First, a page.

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U.K. May Overhaul Management of Carrier Program

Change Would Follow Return to STOVL F-35

May. 14, 2012 - 09:35AM   |  
By ANDREW CHUTER   |   Comments
The lower block of a Queen Elizabeth-class aircraft carrier is assembled.
The lower block of a Queen Elizabeth-class aircraft carrier is assembled. (BAE Systems)
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LONDON — Britain’s Ministry of Defence is considering changes to the way the construction of the Royal Navy’s 65,000-ton aircraft carriers is run, according to defense sources.

An independent team of senior executives and others appointed by the Defence Equipment & Support (DE&S) arm of the MoD have been working for months on recommendations to sharpen the focus in the way the 5 billion-pound ($8 billion) program is managed once the integration and test phases get underway, they said.

The indication of possible changes comes days after the government reverted to an earlier plan to operate F-35B short-takeoff, vertical-landing variants of the F-35 Joint Strike Fighter on the carriers and abandoned its 2010 decision to use the catapult-launched F-35C.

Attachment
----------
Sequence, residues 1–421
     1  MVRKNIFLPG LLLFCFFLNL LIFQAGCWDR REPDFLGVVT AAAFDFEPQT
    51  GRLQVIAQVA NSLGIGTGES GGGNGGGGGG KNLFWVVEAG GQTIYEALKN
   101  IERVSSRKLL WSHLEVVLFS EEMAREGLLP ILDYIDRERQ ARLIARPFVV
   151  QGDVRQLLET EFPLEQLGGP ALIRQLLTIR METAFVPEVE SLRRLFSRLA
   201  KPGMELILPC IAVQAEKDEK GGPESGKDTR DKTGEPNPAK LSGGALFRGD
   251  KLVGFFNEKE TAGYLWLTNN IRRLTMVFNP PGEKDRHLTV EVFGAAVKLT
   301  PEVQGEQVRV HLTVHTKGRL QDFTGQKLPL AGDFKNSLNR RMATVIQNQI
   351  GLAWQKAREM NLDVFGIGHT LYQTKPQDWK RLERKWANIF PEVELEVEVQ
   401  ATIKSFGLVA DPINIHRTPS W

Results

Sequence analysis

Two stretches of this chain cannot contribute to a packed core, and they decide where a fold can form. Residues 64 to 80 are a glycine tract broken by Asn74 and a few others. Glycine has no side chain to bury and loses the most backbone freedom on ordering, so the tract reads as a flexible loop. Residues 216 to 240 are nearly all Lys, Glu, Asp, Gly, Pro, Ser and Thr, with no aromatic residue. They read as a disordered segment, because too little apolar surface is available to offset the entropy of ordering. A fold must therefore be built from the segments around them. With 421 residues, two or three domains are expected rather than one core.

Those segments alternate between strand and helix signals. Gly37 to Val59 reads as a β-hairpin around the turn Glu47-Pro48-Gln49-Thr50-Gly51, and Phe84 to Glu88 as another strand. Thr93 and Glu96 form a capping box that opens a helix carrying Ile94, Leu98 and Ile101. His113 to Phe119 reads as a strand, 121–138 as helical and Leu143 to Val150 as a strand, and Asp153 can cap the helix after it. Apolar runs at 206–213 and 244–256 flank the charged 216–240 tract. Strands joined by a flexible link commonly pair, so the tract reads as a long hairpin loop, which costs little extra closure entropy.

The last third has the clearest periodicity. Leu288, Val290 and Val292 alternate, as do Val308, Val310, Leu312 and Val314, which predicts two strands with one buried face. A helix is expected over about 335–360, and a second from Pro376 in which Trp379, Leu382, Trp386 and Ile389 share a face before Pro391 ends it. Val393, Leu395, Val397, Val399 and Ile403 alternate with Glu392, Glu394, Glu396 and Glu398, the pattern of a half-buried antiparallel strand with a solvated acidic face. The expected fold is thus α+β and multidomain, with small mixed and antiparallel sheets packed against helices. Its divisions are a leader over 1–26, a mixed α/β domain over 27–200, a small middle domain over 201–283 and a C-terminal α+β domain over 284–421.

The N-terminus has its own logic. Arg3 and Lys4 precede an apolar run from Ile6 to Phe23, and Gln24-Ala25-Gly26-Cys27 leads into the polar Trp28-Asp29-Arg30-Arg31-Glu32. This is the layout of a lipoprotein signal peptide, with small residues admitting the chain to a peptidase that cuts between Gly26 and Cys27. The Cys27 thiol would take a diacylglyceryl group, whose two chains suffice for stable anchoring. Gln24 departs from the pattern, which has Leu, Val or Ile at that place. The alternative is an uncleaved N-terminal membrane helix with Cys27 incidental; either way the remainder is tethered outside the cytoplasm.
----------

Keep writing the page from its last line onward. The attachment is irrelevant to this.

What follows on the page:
The source said the changes being contemplated by DE&S bosses are primarily aimed at management structure requirements as the program moves from bolting the carrier modules together to requirements for controlling costs and schedules as the warships enter the integration and test phases.

The program to build the two biggest warships ever constructed in Britain is being run by a joint industry/MoD team known as the Aircraft Carrier Alliance (ACA).

BAE Systems, Babcock, Thales UK and DE&S are members of ACA and provide high-level executives to the alliance management board.

Creation of the innovative alliance strategy was announced in 2003, with the aim of exploiting the resources and strengths of the participants to agree on performance targets. Part of the arrangement means the partners will share in the benefits if they reduce costs.

It is unclear at this stage just what changes are being recommended, but it is believed they do not advocate a fundamental overhaul of program management.